As the Obama administration continues to send mixed signals about the proposed $23 billion public-school bailout, rescue advocates are offering some very wimpy defenses of their cause. That is, except for the National Education Association, which has launched a PR blitz for the bailout in its grandest -- and most shameless -- tradition of using cute kids to get lots of dues-paying members:
OK, enough of the NEA. The more numerous defenses of the bailout try to offer more reasoned and less emotional arguments for the bailout than does the NEA. But not much more reasoned.
Case in point, the The Atlantic's Derek Thompson, who takes issue with an op-ed I had in the New York Post yesterday making clear that even cutting 300,000 public-school employees -- the worst-case scenario -- would hardly be the "catastrophe" people like U.S. Secretary of Arne Duncan say it would be. As I wrote, even that cut would only constitute a 4.8 percent reduction in the public K-12 workforce. More important, we have seen decades of huge per-pupil spending and staffing increases in education with essentially no accompanying improvement in academic achievement. In other words, even far bigger cuts than the worst-case scenario would likely have little adverse effect on achievement.
So the worst cuts wouldn't actually be that big, and they'd likely have little negative effect on achievement. But to Thompson, they'd be akin to the suffering of cold-turkey drug rehab:
At the risk of invoking a cliche, our education system is a bit like a painkiller junkie who just had his wisdom teeth pulled. In the long term, we probably want to wean the patient off drugs. In the short term, the patient happens to be in dire need of some drugs.
Perhaps more troubling than this overwrought analogy is that Thompson dismisses my complaint that the $23 billion bailout would, in addition to being educationally worthless, add to our staggering national debt. $23 billion, Thompson essentially says, is just too small a piece of federal change to complain about its debt implications.
"Well," he writes, "if we're playing the put-it-in-context game, $23 billion is 'only' 0.6% of the 2010 budget. An unfortunate bailout, perhaps, but hardly catastrophic..."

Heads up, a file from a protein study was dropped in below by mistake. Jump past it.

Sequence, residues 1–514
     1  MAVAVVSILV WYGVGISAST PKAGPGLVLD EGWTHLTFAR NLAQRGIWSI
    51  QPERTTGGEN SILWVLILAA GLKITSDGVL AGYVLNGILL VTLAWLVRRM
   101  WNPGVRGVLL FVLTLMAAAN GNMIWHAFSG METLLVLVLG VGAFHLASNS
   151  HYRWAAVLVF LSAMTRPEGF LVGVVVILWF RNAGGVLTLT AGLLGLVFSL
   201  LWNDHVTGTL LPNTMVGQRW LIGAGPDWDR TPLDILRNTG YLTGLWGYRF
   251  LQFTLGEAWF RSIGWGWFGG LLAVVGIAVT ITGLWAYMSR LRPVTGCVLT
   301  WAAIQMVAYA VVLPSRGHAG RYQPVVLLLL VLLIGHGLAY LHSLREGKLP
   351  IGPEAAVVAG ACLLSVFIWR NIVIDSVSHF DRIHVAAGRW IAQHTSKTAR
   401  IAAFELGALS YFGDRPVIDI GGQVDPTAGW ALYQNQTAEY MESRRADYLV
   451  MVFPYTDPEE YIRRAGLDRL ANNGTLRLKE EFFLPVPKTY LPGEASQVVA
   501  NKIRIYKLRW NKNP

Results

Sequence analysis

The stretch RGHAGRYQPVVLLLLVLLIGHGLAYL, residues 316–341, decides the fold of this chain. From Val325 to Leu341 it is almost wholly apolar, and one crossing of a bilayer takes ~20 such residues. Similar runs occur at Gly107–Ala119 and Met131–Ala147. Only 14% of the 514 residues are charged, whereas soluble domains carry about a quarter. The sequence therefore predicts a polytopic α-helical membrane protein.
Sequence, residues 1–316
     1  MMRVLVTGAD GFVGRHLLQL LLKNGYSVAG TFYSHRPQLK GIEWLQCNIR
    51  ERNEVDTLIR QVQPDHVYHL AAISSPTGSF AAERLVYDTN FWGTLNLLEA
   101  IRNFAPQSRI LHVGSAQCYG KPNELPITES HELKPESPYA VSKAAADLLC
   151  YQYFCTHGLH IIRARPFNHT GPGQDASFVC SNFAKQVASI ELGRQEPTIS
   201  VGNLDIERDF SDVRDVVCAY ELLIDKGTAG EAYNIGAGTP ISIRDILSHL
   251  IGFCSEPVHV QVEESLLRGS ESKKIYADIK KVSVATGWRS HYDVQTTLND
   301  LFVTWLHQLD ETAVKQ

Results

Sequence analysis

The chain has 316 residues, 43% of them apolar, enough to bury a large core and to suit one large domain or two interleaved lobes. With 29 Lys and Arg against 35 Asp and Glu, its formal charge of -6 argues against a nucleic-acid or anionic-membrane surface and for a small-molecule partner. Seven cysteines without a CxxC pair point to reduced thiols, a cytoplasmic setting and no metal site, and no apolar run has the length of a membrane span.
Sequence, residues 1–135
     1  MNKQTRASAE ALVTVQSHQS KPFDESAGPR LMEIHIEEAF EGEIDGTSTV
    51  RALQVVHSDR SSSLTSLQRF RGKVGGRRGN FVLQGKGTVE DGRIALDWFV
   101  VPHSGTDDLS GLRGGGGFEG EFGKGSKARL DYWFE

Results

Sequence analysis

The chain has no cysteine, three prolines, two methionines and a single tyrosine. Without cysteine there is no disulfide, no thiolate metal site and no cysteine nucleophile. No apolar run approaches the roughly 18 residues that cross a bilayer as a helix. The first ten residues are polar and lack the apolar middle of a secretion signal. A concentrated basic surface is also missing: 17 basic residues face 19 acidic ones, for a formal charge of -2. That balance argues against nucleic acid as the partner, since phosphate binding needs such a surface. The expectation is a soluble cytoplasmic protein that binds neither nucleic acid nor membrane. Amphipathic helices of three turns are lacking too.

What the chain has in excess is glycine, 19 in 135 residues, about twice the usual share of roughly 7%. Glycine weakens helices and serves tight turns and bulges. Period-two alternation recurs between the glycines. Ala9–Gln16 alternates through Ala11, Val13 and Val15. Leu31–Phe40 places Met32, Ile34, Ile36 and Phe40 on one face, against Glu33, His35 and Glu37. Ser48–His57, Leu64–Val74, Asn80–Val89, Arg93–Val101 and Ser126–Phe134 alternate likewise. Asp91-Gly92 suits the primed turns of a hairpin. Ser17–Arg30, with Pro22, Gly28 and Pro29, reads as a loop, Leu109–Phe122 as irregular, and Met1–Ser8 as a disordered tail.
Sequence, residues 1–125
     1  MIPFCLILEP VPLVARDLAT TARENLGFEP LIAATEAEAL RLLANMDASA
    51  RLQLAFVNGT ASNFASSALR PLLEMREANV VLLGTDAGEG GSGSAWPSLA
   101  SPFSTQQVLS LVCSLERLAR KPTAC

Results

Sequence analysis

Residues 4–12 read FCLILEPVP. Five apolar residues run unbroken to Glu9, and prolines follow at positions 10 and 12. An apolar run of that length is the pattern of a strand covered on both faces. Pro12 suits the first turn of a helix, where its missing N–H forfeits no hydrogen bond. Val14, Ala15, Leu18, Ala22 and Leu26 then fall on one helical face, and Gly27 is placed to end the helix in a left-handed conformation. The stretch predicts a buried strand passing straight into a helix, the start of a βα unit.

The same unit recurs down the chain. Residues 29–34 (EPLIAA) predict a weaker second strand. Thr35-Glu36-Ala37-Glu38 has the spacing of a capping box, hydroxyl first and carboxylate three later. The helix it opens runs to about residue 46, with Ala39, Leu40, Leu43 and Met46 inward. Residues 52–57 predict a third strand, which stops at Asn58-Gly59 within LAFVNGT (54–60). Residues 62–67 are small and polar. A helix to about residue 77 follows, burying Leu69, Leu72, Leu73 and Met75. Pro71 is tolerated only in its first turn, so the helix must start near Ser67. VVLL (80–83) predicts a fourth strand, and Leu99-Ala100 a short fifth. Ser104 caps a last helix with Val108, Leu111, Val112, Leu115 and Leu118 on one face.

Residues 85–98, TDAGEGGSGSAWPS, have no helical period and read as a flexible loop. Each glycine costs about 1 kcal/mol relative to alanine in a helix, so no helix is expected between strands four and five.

OK. If the game we're supposed to be playing is the "this-expenditure-isn't-all-that-big" game, then we can forget about ever cutting the $13 trillion debt. Heck, the Defense Department's budget in FY 2010 was "only" about $693 billion, a mere 5.3 percent of the national debt.
Joining the bailout defense today is White House Council of Economic Advisors chair Christina Romer, who pushes for it in the Washington Post.
In addition to repeating the usual, now thoroughly debunked proclamations of impending educational disaster, Romer rolls out boilerplate about the government needing to maintain high employment in order to keep people spending and paying taxes:
Because unemployed teachers have to cut back on spending, local businesses and overall economic activity suffer. And the costs of decreased learning time and support for students will be felt not just in the next year or two but will reduce our productivity for decades to come...
Furthermore, by preventing layoffs, we would save on unemployment insurance payments, food stamps and COBRA subsidies for health insurance, and we would maintain tax revenue.
Given the at-best highly dubious short-term positive effects of the "stimulus," it is hard to believe that too many people at this point will find these arguments persuasive. Worse yet, Romer glosses right over the fact that the mammoth debt will eventually have to be repaid, and that that will have huge negative effects for local businesses and everyone else as their money goes from useful pursuits to government debt repayment.
In light of how flaccid the arguments are for the bailout, it's really no surprise that the Obama administration is sending mixed signals about how much it really wants the rescue. By offering some support -- including having the Education Secretary appear at the launch of the NEA's PR blitz -- the administration keeps on the good side of the teachers unions. But by not going all out, the administration doesn't end up too closely connected to a debt-be-damned expenditure that neither addresses a real emergency, nor has any meaningful connection to education quality.